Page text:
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Regulatory Brief -- FAA discontinues publication and distribution of Advisory Circular 43-16A, Aviation Maintenance AlertsRegulatory Brief -- FAA discontinues publication and distribution of Advisory Circular 43-16A, Aviation Maintenance Alerts

Regulatory Brief

FAA discontinues publication and distribution of Advisory Circular 43-16A, Aviation Maintenance Alerts

The issue:

Effective January 1, 1999, the AC 43-16A, Aviation Maintenance Alerts are no longer being published monthly in printed form and will not be distributed to aircraft owners, pilots, and maintenance personnel. Instead the information will only be available on the FAA web site.

The importance to our members:

Today, the Aviation Maintenance Alerts are one of the only non-regulatory mechanisms the FAA has in place for sharing airworthiness issues or concerns. As such, they are widely read by both the aviation maintenance community and the owners and pilots of affected aircraft. The general aviation community benefits greatly from the Aviation Maintenance Alerts because they provide a necessary exchange of potentially safety-critical information based upon the service experience of other similar or identical equipment. Any restriction in the distribution of this information can only have a negative effect on overall safety.

Significant provisions:

In the December 1998 edition of AC 43-16A, Aviation Maintenance Alerts, the FAA indicated that a combination of the "new technological age" and "government downsizing and shrinking budgets" were responsible for the need to restrict dissemination of aviation service experience solely to the Internet. This means that the document would no longer be published in printed form on a monthly basis, and would not be distributed directly to pilots, owners, and aviation maintenance personnel.

The information contained in the Aviation Maintenance Alerts is derived from Malfunction and Defect (M&D) reports submitted from the field. The Malfunction and Defect Reporting System is often criticized by maintenance personnel because they feel that their M&D reports go into a black hole in the FAA and are never acted upon or passed on to others who could use the information. Today, the only feedback mechanism to maintenance personnel for M&D reports is the AC 43-16A, Aviation Maintenance Alerts. Removal of this valuable feedback mechanism for airworthiness concerns will reduce the input to the M&D reporting system and ultimately could lead to a reduction in aviation safety levels.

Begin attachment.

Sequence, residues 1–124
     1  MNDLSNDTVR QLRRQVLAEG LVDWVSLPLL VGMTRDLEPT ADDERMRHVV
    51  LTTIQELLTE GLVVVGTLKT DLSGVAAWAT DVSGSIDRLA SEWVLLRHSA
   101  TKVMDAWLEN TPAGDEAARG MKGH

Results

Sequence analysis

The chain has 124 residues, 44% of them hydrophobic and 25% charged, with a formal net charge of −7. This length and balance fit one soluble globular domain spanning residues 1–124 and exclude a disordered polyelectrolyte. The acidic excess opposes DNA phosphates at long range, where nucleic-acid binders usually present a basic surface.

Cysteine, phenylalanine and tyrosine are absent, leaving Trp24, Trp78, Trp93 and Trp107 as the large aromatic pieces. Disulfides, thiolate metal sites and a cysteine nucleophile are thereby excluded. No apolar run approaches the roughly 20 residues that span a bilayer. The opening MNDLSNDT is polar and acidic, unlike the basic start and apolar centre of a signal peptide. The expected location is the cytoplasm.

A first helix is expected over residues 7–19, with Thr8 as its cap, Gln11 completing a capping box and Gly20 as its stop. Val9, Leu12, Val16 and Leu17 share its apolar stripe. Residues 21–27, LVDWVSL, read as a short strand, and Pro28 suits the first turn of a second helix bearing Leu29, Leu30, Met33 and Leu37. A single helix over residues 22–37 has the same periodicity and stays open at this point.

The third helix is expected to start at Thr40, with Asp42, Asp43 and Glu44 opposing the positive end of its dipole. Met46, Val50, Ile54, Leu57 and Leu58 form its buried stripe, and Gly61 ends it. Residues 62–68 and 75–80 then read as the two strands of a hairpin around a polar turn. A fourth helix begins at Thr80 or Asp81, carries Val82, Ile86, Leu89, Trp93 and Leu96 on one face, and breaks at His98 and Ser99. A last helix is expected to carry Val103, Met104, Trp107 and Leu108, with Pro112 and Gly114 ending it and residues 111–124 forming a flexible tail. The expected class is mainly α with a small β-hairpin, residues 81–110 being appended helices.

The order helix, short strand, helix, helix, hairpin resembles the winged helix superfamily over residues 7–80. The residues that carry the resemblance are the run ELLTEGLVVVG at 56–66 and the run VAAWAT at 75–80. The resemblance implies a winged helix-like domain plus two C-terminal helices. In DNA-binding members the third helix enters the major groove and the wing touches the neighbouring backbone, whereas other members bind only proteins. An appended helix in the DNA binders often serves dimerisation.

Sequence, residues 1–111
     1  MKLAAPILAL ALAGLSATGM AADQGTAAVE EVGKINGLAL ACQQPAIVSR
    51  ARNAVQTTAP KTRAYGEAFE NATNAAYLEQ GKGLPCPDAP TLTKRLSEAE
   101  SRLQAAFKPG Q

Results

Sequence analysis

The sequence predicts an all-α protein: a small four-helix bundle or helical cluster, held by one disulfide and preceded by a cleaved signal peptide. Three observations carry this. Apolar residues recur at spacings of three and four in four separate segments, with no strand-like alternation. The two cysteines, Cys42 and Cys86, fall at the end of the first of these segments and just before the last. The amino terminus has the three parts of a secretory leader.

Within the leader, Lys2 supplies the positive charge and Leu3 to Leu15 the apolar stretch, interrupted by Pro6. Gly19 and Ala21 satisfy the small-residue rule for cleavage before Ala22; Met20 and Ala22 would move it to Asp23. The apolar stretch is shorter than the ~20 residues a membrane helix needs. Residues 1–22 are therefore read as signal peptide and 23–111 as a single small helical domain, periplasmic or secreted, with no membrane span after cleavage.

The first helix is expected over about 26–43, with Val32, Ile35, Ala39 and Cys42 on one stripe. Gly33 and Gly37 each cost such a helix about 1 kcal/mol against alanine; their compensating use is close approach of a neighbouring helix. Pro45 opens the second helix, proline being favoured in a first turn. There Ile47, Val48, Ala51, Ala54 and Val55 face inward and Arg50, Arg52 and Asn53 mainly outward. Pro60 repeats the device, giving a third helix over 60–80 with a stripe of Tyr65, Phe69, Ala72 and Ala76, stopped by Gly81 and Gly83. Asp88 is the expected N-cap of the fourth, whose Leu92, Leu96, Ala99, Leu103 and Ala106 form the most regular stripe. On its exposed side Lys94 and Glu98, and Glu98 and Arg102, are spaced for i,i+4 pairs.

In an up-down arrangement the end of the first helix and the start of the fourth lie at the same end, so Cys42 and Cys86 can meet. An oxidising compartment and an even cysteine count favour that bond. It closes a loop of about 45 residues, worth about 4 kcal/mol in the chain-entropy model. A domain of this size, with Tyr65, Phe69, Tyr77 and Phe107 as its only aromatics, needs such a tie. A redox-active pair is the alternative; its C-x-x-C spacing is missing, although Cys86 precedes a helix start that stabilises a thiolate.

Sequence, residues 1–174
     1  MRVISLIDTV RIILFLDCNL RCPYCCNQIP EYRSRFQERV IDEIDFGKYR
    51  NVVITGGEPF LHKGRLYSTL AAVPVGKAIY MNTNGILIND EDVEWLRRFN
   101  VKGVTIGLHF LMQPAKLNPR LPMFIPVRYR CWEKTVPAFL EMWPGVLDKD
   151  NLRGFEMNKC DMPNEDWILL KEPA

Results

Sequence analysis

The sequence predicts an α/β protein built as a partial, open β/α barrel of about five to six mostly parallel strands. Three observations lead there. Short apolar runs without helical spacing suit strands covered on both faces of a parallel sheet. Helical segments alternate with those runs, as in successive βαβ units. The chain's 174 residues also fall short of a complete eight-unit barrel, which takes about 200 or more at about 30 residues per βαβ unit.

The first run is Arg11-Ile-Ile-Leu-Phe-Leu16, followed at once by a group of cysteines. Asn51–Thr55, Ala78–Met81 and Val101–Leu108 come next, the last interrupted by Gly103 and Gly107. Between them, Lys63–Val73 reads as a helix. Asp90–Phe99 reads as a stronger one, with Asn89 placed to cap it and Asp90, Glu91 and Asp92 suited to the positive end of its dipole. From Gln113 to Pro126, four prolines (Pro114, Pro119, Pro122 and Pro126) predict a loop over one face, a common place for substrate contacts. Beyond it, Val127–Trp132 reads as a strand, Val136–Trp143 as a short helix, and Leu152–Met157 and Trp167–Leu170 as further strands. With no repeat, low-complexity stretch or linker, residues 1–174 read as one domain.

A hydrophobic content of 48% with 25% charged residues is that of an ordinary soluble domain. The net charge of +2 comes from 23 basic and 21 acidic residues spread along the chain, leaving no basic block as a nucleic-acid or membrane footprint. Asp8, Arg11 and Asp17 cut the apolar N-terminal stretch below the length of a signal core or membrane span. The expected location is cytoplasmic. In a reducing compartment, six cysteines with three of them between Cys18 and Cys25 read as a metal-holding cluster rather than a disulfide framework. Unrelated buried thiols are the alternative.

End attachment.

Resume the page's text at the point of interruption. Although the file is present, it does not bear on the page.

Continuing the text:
AOPA position:

AOPA opposes the discontinued publication of the Aviation Maintenance Alerts. We agree that the Internet can play a significant role in the dissemination of data and information to the aviation community, particularly library and archive type information. However, we do not believe that safety-related information such as the Aviation Maintenance Alerts should be relegated solely to the Internet since many people who use or benefit from this information do not have Internet access or capability. Further, we maintain that forcing people to seek out safety-related information does not enhance aviation safety. Such information needs to be placed immediately in front of the people who can benefit from it.


On January 12, 1999, AOPA sent a letter to the Manager of the FAA Aircraft Continuous Airworthiness Division urging the FAA to continue publication of the Aviation Maintenance Alerts. Further discussions on the topic have been held with the FAA Associate Administrator for Regulation and Certification and the Director of the Flight Standards Service. As of April 1999, the FAA is going to make the Aviation Maintenance Alerts, AC 43-16A available in printed form on a subscription basis. The annual subscription charge will be $25 for domestic mailings and $31.25 for foreign mailings. Subscriptions may be obtained at:

Superintendent of Documents
P.O. Box 371954
Pittsburgh, PA 15250-7954

Tel. (202) 512-1800
Fax (202) 512-2250

Related documents:

AC 43-16A, Aviation Maintenance Alerts, December 1998 (requires Adobe Reader)

AOPA Letter to the FAA Manager, Aircraft Continuous Airworthiness Division, January 12, 1999